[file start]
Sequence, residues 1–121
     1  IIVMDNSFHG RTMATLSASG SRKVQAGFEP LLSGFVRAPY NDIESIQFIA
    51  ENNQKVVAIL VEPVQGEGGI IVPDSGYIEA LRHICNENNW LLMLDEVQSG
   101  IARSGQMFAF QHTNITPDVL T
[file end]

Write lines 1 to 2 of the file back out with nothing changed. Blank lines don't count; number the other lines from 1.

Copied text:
Sequence, residues 1–121
     1  IIVMDNSFHG RTMATLSASG SRKVQAGFEP LLSGFVRAPY NDIESIQFIA